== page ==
Households that qualify for the U.S. Department of Agriculture’s Supplemental Nutrition Assistance Program (SNAP) will spend in 2020 an estimated $55 billion on food and beverage purchases, or roughly 9.7% of the nation’s total grocery spend, according to research firm IRI.
IRI also found SNAP shoppers make up about 13% of the total U.S. population at 42 million people as of April, an increase of 16% from a year ago. Spending and benefits have grown in 2020. The USDA implemented a 40% increase in overall SNAP benefits amid rising unemployment due to COVID-19. That added about $2 billion to monthly benefits, and IRI said SNAP spending is roughly $6.5 billion a month.
Sally Lyons Wyatt, an executive vice president at IRI, said SNAP recipients present meaningful opportunities for retailers and food suppliers. They make 8% more trips than the total population, and one-quarter of them spend more time in stores shopping for their families. Most of them also shop with their kids. Wyatt said 20% of the SNAP recipients surveyed spent 45 minutes on their last regular trip for groceries, and 6% said they spent more than one hour on their recent shopping trip for food and beverages.
Wyatt said the extended time in stores occurred during the pandemic. The number was likely higher before the pandemic, and more states began offering SNAP recipients the option for curbside pickup. She said there is an opportunity for retailers and suppliers to assist this shopping demographic with the challenges they face from cooking and convenience to affordability and informative education on healthy choices.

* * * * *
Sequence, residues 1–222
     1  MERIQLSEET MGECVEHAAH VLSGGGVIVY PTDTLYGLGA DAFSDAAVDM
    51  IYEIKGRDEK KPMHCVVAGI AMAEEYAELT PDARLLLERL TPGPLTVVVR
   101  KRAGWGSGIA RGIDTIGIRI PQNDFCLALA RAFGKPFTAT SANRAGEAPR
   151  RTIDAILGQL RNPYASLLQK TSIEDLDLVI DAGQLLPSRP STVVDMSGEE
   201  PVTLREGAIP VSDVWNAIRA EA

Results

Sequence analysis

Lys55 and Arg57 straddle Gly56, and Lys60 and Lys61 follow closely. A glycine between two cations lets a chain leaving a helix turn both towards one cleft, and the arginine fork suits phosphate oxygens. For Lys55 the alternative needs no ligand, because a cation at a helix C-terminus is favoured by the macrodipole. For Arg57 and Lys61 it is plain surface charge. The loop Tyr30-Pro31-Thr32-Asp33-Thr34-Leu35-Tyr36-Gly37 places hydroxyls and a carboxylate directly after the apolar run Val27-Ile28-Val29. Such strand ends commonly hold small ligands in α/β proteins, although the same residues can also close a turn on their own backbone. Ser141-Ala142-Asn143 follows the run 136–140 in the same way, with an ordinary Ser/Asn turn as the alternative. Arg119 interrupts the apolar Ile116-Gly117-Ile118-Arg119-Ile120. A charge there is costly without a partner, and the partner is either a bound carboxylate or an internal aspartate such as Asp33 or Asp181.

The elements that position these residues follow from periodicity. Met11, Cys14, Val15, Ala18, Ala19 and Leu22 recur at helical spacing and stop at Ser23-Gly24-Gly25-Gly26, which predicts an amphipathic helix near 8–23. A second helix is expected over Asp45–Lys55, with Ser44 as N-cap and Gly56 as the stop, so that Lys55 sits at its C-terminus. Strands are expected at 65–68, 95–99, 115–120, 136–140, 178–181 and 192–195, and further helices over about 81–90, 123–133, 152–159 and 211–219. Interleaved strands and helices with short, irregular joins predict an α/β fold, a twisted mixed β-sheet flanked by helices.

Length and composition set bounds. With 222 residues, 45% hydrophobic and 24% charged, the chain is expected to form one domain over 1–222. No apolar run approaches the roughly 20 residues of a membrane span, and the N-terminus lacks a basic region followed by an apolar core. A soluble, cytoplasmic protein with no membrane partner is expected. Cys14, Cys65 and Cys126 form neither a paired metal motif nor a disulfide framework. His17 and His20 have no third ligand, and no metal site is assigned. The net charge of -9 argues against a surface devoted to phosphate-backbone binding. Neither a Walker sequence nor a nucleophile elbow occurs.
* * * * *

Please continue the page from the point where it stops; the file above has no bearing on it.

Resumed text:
IRI found that this large cohort of shoppers also struggles to develop new meal ideas, and about a quarter of them lack the inspiration to cook because they are challenged to find quick and healthy entrees. Another 18% could use more help with meal planning, and they are also frustrated by not knowing what to do with leftover ingredients they purchased to make a particular dish.
Wyatt said retailers and brands could do a better job providing access to easy recipes, requiring only a few ingredients and healthier than typical processed and prepared foods. One retailer that she said is doing an excellent job in that area is Dollar General. She said SNAP shoppers spend a lot of money in the dollar-store channel because the retailers talk with them before shopping. They offer coupons for essentials that can be redeemed while shopping, then follow up with recipe ideas afterward.
She said grocery retailers can better engage with SNAP customers on a personal level because they want the direction. Wyatt said many of the SNAP recipients have large families, and they are looking for easy-to-make recipes that do not involve much cleanup. She said more than 20% have limited storage and freezer space, and it’s hard to store leftovers. Another 13% said they want recipes that don’t require a lot of prep time because they don’t have the time.
One of the biggest challenges SNAP shoppers have is not finding all the items on their lists when they are shopping. This challenge has been exacerbated during the pandemic as retailers have trouble keeping shelves stocked. The problem for SNAP consumers is they typically shop as soon as benefits are loaded on their cards. If the inventory is low, that’s a problem for them because they don’t have the luxury of waiting for the next shipment.